CLASSIC STUDY - Clinical - Rosenhan (1973) (EVALUATION (Generalisability ,…
CLASSIC STUDY - Clinical - Rosenhan (1973)
To see whether the sane can be distinguished from the insane using the DSM classification system. Rosenhan wanted to see whether clinicians would be able to tell the difference between a patient suffering from a real mental disorder and a healthy 'pseudo patient'.
Rosenhan and 7 volunteers arrived at a range of hospitals reporting a single symptom, hearing voices saying 'empty', 'hollow' and 'thud'.
They gave real info about themselves such as details about their families and childhood. However, they gave false names and those in the medical profession gave a false occupation. As soon as the 8 pseudo patients were in hospital, they started behaving normally.
All the ppts were admitted and none were detected as being sane. It was an average of 19 days before any of them were released. Even when they were released all but 1 were given the diagnosis of schizophrenia in remission. In no case did any of the doctors and nurses notice that there was nothing wrong with them.
Rosenhan concluded that staff in psychiatric hospitals were unable to distinguish those who were sane from those who were insane and that DSM is not a valid measurement of mental illness.
The study was conducted in the field so extraneous variables were hard to control and so the study would be difficult to repeat.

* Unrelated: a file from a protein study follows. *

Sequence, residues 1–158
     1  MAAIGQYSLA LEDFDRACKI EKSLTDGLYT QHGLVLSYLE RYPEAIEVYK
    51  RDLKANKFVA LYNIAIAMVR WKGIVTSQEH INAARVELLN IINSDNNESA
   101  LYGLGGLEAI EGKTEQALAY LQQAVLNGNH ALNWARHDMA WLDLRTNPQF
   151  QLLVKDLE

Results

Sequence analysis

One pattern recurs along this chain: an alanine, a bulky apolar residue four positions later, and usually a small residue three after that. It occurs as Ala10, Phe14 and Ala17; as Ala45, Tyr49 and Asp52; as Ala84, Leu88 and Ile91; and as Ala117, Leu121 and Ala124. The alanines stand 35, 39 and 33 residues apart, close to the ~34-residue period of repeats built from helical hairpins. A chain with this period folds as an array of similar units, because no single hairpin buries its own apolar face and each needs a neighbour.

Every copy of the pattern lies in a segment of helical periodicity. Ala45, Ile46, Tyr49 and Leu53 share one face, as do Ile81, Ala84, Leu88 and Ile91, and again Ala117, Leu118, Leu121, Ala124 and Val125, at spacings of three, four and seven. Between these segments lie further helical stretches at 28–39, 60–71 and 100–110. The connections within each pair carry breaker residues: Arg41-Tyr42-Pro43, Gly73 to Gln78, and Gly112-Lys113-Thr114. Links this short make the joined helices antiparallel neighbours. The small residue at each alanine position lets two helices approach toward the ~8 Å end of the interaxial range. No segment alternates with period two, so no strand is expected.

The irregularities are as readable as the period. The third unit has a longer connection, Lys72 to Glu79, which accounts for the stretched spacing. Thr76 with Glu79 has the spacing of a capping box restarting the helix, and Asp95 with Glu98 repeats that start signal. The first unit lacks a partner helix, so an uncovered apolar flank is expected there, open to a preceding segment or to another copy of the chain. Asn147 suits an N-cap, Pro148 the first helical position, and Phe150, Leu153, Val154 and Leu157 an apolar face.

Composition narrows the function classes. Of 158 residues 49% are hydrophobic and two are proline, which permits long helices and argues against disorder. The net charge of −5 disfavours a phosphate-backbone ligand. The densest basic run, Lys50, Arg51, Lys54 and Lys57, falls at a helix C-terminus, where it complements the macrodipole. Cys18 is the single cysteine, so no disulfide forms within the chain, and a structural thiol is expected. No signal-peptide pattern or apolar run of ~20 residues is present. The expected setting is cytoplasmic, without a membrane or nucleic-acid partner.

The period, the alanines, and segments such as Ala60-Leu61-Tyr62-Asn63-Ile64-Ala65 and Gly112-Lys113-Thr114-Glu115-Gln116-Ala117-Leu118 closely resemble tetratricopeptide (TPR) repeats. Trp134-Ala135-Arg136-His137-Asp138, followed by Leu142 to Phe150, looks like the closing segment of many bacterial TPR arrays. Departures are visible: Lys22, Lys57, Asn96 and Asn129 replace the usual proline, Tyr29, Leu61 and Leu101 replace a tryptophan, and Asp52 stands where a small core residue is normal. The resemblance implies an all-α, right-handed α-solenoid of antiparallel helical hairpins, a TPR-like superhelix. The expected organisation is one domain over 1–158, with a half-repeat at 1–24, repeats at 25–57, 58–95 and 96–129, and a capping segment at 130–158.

Application to real life
The study highlighted problems with DSM and how psychiatric patients are treated in hospital.
The pseudo patients had insisted on being admitted to the hospital themselves so the psychiatrists may have been more cautious about releasing them. Not all people diagnosed with schizophrenia ask to be admitted to a hospital so the treatment of the pseudo patients may not be representative of how other patients would be treated.
The pseudo patients would have also been careful about releasing an individual who had only recently been admitted too fast. However, a wide range of hospitals were used so the results can be generalised to other psychiatric hospitals at the time.
The study was carried out in 1973 so the findings of the study may not apply to the present day. The DSM had been revised many times since 1973 to improve its validity, also, doctor-patient relationships have changed.
The study had ecological validity as it was carried out in the doctor's and nurse's natural working environment (psychiatric hospitals) so they would have behaved naturally.
The doctors and nurses were unaware the patients were fake so they would not have displayed any demand characteristics. Therefore, the study has good experimental validity. However, the fact that the pseudo patients were released with the diagnosis of 'schizophrenia in remission' shows that the psychiatrists did recognise something different about them as this is a rare diagnosis for real patients.
The hospital staff were deceived about the pseudo patients' symptoms and they did not know they were in a study so they were unable to give consent. However, Rosenhan did protect the anonymity of the staff and hospital afterwards.